Today’s post, which complements Monday’s on New York State and a set of interactive graphics released by the New York Fed earlier, assesses the effect of the Great Recession on educational finances in New Jersey. The Great Recession severely restricted state and local funds, which are the main sources of funding for schools. To help avoid steep budget cuts to schools, the federal government allocated $100 billion for education as part of the American Recovery and Reinvestment Act of 2009 (ARRA), also known as the stimulus. The stimulus money was meant to provide temporary relief to strained state and local budgets. However, after the stimulus funds were exhausted, the economy was still weak and school districts were faced with large budget shortfalls.

Continue reading "Catching Up or Falling Behind? New Jersey Schools in the Aftermath of the Great Recession" »

Posted by Blog Author at 7:00 AM in Great Recession, New Jersey, Recession | Permalink | Comments (0)

September 23, 2013

Waiting for Recovery: New York Schools and the Aftermath of the Great Recession

Rajashri Chakrabarti and Max Livingston

A key institution that was significantly affected by the Great Recession is the school system, which plays a crucial role in building human capital and shaping the country’s economic future. To prevent major cuts to education, the federal government allocated $100 billion to schools as part of the American Recovery and Reinvestment Act of 2009 (ARRA), commonly known as the stimulus package. However, the stimulus has wound down while many sectors of the economy are still struggling, leaving state and local governments with budget squeezes. In this post, we present some key findings on how school finances in New York State fared during this period, drawing on our recent study and a series of interactive graphics. As the stimulus ended, school district funding fell dramatically and districts across the state enacted significant cuts across the board, affecting not only noninstructional spending but also instructional spending—the category most closely related to student learning.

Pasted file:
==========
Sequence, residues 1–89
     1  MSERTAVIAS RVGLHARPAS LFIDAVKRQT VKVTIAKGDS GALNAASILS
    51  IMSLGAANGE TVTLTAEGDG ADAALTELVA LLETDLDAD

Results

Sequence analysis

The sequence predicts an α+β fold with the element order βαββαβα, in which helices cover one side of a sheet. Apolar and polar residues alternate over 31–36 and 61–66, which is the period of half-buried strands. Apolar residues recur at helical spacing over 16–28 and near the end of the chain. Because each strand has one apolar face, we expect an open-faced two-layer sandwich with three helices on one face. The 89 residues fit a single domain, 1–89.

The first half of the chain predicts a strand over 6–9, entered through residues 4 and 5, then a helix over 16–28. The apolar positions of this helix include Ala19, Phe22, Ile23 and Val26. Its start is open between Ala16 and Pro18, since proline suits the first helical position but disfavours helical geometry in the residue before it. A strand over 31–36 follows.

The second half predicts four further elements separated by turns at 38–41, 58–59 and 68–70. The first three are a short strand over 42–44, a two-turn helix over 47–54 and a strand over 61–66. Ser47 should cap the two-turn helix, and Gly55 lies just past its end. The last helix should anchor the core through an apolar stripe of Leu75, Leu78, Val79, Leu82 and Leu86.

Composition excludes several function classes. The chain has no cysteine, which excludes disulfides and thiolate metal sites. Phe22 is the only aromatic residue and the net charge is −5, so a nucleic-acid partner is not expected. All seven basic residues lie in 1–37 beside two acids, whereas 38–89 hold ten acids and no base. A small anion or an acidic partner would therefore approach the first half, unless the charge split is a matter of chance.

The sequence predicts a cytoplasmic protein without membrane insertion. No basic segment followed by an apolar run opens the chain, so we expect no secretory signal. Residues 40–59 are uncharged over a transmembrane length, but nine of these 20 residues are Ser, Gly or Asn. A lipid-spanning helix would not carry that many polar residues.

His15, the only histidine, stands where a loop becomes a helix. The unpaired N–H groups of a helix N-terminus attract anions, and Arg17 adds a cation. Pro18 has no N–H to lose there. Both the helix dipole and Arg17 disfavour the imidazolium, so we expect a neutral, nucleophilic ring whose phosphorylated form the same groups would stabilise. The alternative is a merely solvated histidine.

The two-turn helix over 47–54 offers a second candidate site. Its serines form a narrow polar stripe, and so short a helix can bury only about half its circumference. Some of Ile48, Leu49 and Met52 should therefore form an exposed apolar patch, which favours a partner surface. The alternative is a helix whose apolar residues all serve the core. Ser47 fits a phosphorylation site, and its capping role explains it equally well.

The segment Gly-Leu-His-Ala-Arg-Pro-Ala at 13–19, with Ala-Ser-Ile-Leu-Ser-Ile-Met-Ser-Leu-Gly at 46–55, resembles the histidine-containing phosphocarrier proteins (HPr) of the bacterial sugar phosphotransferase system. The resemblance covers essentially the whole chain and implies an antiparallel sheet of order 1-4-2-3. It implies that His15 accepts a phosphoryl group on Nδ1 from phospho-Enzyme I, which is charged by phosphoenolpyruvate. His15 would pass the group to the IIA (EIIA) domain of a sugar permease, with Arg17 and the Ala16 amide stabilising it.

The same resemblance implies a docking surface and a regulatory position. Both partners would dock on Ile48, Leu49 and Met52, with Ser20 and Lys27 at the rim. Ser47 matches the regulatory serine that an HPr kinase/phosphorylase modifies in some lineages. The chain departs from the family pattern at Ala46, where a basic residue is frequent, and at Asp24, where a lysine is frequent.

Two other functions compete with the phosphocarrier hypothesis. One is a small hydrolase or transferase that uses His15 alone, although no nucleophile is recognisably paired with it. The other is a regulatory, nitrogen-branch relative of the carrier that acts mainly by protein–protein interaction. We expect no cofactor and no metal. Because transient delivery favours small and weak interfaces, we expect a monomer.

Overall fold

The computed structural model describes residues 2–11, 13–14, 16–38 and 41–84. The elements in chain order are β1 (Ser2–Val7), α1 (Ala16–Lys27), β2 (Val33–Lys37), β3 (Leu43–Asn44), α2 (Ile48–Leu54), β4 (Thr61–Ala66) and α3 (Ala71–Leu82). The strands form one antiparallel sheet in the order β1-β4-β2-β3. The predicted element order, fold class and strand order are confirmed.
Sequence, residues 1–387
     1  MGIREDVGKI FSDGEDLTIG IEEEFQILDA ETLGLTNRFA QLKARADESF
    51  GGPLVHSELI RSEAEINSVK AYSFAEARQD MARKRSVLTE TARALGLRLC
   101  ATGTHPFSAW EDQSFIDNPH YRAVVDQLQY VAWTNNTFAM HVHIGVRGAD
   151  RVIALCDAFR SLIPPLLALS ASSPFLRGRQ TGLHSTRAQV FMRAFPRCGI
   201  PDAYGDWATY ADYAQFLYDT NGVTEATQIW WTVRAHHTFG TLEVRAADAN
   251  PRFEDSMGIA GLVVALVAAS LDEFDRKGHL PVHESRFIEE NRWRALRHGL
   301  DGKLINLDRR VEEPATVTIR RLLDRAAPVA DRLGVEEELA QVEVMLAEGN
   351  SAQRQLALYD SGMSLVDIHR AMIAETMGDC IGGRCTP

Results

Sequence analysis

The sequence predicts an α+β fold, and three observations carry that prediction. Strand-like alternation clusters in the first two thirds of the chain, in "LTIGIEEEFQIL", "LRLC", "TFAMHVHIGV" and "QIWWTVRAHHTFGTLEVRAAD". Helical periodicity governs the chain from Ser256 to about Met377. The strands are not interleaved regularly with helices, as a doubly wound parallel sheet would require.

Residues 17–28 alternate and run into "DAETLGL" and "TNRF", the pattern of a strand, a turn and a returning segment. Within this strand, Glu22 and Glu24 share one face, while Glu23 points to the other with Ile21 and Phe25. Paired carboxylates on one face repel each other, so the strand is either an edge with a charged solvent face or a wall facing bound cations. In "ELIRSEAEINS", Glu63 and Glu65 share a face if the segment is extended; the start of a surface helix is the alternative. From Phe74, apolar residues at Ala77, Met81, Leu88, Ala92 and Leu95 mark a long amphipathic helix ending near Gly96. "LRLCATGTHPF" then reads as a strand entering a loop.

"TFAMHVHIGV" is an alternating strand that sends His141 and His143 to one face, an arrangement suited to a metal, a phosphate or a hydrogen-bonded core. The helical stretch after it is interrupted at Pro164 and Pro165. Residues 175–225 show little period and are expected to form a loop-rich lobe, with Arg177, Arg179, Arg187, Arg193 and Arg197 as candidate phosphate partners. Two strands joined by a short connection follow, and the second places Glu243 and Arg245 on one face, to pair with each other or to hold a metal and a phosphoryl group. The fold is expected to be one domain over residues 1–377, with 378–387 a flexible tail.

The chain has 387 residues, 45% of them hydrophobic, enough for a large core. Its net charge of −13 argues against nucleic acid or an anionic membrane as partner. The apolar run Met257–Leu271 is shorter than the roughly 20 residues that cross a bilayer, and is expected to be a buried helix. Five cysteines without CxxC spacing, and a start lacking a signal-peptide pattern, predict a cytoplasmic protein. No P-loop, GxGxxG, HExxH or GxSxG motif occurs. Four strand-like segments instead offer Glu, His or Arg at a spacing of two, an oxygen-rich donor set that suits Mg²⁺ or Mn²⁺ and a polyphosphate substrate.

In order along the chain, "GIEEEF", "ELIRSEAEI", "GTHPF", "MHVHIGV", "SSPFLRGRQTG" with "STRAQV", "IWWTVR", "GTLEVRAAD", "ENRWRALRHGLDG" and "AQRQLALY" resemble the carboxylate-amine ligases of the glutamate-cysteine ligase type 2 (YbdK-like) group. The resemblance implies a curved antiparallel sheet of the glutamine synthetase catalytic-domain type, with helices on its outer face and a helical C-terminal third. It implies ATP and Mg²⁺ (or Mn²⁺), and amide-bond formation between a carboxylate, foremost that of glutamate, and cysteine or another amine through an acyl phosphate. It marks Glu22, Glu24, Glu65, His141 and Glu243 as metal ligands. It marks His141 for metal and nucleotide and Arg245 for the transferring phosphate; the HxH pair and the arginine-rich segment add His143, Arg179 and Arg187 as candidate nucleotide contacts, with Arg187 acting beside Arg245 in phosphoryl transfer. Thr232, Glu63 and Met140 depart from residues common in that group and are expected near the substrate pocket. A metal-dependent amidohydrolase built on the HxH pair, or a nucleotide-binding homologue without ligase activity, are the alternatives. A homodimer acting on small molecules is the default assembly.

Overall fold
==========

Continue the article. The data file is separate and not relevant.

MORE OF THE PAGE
Continue reading "Waiting for Recovery: New York Schools and the Aftermath of the Great Recession" »

Posted by Blog Author at 7:00 AM in Education, Great Recession, Labor Economics, Recession, Regional Analysis | Permalink | Comments (0)

September 09, 2013

Preparing for Takeoff? Professional Forecasters and the June 2013 FOMC Meeting

Richard Crump, Stefano Eusepi, and Emanuel Moench